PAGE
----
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South Med J. 1997 Aug;90(8):806-13.

Prevalence of obesity with increased blood pressure in elementary school-aged children.

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Department of Pediatrics, University of Alabama at Birmingham, Children's Hospital of Alabama 35233, USA.


The objectives of this study were to estimate the prevalence of obesity in school-aged children in Jefferson County, Alabama; to learn when school-aged children become obese; to determine the susceptible groups; and to study the association between obesity and blood pressure. During the school year, 5,953 children, ranging in age from 5 years to 11 years, were screened for weight, height, and blood pressure, using standardized techniques. We found that obesity, defined as > or = 120% of ideal body weight for height, is prevalent in 5-year-old to 11-year-old children. The prevalence of obesity in girls at age 5 was 23% in blacks and 10% in whites, rising to 47% in blacks and 27% in whites by age 11. In boys, the prevalence of obesity at age 5 was 13% in blacks and 6% in whites, rising to 29% in blacks and 22% in whites by age 11. The prevalence of obesity is significantly greater in black than in white children and is also significantly greater in girls than boys. The systolic and diastolic blood pressures were significantly higher in obese than in non-obese children. We conclude that the significant prevalence of childhood obesity and an associated complication, increased blood pressure, emerge in school-aged children. Thus, we recommend investigations of prevention and intervention programs to be used in the school setting.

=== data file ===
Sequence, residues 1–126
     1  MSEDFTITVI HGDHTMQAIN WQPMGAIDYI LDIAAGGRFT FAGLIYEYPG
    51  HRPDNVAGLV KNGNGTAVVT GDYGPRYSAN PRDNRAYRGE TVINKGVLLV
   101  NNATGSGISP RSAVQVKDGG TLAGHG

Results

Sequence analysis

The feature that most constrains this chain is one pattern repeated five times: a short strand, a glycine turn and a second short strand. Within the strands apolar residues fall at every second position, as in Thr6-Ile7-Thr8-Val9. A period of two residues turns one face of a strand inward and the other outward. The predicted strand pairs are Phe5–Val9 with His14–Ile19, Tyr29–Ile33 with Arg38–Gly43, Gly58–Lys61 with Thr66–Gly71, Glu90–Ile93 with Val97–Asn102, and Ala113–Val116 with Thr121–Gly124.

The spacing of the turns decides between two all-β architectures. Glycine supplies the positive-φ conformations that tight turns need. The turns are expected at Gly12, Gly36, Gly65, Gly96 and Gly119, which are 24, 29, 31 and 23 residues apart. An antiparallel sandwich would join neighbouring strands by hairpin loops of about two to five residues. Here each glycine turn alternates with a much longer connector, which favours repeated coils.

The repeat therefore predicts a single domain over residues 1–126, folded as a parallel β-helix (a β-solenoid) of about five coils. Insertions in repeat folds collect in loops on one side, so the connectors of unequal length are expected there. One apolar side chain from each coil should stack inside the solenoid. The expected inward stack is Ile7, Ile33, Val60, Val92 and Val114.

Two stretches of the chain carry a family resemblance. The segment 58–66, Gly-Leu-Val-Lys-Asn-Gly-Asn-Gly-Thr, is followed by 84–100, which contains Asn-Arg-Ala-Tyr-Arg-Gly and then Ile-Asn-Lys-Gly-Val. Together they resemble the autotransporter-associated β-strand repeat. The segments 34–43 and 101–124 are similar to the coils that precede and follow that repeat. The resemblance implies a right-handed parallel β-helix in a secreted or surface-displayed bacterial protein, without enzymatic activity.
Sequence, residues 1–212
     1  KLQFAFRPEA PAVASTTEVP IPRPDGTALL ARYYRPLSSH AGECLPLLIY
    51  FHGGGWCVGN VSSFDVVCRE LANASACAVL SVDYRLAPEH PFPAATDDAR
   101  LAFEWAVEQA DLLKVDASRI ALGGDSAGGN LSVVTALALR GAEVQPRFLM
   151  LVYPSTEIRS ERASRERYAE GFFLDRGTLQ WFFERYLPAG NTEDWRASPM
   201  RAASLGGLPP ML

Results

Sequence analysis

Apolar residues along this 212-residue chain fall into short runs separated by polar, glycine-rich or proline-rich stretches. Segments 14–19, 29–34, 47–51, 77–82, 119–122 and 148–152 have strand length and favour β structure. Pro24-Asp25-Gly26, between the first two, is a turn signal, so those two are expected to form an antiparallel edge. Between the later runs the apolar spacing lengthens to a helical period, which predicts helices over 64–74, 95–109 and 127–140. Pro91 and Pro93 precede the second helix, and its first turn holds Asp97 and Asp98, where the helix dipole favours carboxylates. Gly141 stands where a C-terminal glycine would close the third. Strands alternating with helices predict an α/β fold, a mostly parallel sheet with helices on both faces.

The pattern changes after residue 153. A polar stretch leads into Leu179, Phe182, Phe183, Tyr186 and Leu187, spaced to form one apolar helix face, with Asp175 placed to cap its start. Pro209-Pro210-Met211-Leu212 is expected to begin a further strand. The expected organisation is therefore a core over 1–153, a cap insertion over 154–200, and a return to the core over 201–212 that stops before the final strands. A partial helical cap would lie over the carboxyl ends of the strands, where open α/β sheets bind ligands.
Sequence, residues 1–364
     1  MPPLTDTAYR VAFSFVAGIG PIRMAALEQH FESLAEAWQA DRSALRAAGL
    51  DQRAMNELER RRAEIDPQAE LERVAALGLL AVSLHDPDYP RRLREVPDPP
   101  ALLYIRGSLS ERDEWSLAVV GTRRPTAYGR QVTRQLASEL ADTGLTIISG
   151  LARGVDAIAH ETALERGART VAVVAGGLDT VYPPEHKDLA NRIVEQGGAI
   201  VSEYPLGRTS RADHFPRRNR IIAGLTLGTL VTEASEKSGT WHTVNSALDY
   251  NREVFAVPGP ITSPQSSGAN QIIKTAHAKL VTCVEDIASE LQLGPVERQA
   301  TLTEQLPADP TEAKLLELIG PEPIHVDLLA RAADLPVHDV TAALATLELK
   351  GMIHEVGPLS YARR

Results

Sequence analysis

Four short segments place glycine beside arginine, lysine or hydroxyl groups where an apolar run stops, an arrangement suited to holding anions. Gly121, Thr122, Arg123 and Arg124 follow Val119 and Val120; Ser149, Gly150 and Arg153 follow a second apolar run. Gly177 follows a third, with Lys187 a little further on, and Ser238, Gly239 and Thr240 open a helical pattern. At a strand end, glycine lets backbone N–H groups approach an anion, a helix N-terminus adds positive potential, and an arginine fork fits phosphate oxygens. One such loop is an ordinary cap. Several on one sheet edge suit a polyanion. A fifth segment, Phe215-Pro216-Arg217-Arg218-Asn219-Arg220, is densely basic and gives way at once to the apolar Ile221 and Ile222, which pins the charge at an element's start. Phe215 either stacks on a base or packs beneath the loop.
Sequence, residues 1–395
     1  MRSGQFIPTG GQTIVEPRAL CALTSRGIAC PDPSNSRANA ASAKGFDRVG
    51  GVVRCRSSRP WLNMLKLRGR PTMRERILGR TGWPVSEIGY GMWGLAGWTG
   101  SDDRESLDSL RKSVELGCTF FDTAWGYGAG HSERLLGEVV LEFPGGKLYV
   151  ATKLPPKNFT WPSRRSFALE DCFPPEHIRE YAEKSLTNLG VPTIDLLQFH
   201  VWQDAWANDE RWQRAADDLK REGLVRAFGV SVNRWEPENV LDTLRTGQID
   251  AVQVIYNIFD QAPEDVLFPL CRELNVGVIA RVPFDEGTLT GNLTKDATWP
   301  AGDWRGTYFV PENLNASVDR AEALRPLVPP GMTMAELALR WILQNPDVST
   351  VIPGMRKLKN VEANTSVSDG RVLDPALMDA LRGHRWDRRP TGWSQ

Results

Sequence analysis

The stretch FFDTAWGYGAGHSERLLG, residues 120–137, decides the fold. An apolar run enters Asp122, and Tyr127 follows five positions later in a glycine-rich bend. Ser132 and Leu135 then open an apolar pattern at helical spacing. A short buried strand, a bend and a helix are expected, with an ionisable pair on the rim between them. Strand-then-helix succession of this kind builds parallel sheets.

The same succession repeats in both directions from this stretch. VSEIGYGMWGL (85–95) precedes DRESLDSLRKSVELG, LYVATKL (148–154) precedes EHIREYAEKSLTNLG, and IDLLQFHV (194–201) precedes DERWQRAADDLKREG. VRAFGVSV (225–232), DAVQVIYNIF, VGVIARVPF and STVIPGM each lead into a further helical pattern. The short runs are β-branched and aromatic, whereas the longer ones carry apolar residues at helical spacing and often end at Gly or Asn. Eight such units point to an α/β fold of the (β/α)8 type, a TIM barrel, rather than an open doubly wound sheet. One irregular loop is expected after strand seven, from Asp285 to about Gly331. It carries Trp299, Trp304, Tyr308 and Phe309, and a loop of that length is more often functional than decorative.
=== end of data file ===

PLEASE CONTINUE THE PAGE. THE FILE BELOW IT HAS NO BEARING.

[Indexed for MEDLINE]

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